What Will Hannah Nicks Do After Graduation?

Hannah Nicks, who will graduate in December with a BA double major in Art History and Studio (Ceramics Concentration), sends us the following exciting news about what she will be doing after walking across the stage to receive her diploma:

Following my December graduation, I will begin an Art Residency at Access Arts in Columbia, Missouri. At Access Arts I will be teaching two classes, Adaptive Clay Handbuilding for adults and children with special needs, and Handbuilding & Altered Forms for more advanced students. During the residency, I plan to make a body of work that I can use to apply to a graduate program for ceramics. Along with the creation of this body of work I have a number of art shows around the midwest that I am going to apply for in order to gain exhibition experience.

Congratulations to Hannah and our other graduates!

Here are a few of Hannah’s recent works for you to admire.

Priya Kambli to Speak in New Orleans

If you are in New Orleans this coming weekend, you should take the opportunity to hear Truman Professor Priya Kambli talk about her work at the Louisiana State Museum at The Old US Mint.  She will be speaking as part of the PHOTONOLA 2017 event.  Priya’s talk is on Sunday, December 10th, at 10 am, and it is free and open to the public.  She also has a solo exhibition in New Orleans, at the Staple Goods Gallery from December 9th-January 7th.

Louisiana State Museum Old US Mint                               Staple Goods
400 Esplanade Avenue                                                      1340 St. Roch Avenue
New Orleans, LA 70116                                                         New Orleans, LA 70117
504-568-6993                                                                           504-908-7331

Hours: Tuesday – Sunday 10am – 4:30pm                         Hours: Sat + Sun, 12-5pm

 

From the PHOTONOLA 2017 website:

Priya Kambli’s artwork is intrinsically tied to her own family’s photographic legacy and her move at age 18, following the death of her parents, from India to the United States. Before she emigrated, she and her sister split their photographic inheritance in half. One portion remained in India, and the other was displaced along with Priya, in America. For the past decade, that archive of family photographs has been Priya’s primary source material in creating bodies of work which explore the migrant narrative and experience; albeit through a personal lens. Priya’s work has always touched upon universal themes, with the potential to start a dialogue about cultural differences and universal similarities. In the last year those private references and broad themes have taken on a new public significance that requires a creative response, by delving deeper into her own immigrant narrative, engaging with its personal but increasingly, if accidentally, political context.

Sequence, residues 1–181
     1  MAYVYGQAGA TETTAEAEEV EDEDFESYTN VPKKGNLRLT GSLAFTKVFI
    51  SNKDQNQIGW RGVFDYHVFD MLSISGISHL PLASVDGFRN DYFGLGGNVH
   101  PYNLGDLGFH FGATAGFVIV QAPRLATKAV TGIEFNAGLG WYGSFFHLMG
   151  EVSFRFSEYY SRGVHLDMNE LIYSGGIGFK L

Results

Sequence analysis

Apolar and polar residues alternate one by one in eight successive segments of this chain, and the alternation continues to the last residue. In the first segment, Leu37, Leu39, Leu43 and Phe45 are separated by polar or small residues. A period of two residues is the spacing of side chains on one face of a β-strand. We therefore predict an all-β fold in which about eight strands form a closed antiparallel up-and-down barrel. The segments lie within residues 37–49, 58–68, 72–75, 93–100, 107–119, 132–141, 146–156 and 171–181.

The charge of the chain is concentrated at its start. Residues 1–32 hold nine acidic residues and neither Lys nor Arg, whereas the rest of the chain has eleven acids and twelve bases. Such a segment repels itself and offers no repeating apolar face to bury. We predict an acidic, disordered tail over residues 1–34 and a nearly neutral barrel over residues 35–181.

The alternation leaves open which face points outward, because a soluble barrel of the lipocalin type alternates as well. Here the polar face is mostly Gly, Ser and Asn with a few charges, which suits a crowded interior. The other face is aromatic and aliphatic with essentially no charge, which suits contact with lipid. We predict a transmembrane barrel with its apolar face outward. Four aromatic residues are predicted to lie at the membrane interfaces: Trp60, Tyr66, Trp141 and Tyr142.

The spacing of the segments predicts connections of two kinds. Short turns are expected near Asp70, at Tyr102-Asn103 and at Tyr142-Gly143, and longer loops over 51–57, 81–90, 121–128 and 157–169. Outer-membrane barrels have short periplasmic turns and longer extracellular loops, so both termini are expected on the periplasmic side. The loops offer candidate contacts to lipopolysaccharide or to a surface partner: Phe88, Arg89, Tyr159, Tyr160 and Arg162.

In this free public presentation, Priya Kambli will discuss her bodies of work which explore the migrant narrative and experience as seen through a personal lens, beginning with her book Color Falls Down, and continuing through her latest project Buttons for Eyes.

 

University Gallery Event

Join us this week,  December 4th-8th, for the graduating BFA Exhibition featuring the works of graduating BFA Truman student Linan Sun and pieces featured from promising foundation students. The Reception will take place this Friday, but the show will be up Monday through Friday.

 

Both the reception and the show itself are free and open to the public.

 

Professor Kambli Honored

Professor of Photography Priya Kambli has continued to collect recognition and honors as she comes off her sabbatical year:

The Grunwald Gallery of Art at Indiana University Bloomington will host a lecture by Priya Kambli on Thursday, November 2nd, from 5:30 to 6:30 pm.  The lecture is in conjunction with the exhibition Kinship, curated by IU’s Assistant Professor of Photography Elizabeth M. Claffey and Gallery Director Betsy Stirratt.

Kinship examines the influence of family life on personal and cultural identity. Each artist delves into the complex nature of family structures to express how it shapes internal dialogue and personal narrative.

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Professor Aaron Fine to Present on Color Theory

The next Faculty Forum event will take place at 7 p.m. Oct. 24 in Baldwin Hall 102

“Dialogues on Color” will be a presentation of Aaron Fine’s work on color theory resulting in a book of that title. This book, an inter-genre mixture of creative nonfiction, fiction and coloring book pages, is available to read free online, or purchase at cost, at www.arenotbooks.com.

Providing an intellectual history of Western attitudes towards color, the organizing aim of the book is to reveal the ways cultural context shapes our theories of color, not excluding those we link to Newton’s work with the prism and think of as objective and universally true.

For this presentation, Fine will host a mixture of activities, mingling his own lecture style with staged readings done by theatre students in the voices of Newton, Goethe, Tom Sawyer and others. There will also be opportunities for the audience to color in their own color theory coloring book pages and to win a drawing for one of five complimentary copies of the book “Dialogues on Color.”

Hey! There’s an Aquarium in the OP Lobby!

Students in the Advanced Sculpture classes are at it again! For this Homecoming week, the lobby of Ophelia Parrish Hall is featuring blow-up animals, this time inside a fiber aquarium.  The sculpture is made to walk through, and the animals are far larger than life-sized.

The art installation should be up throughout the week.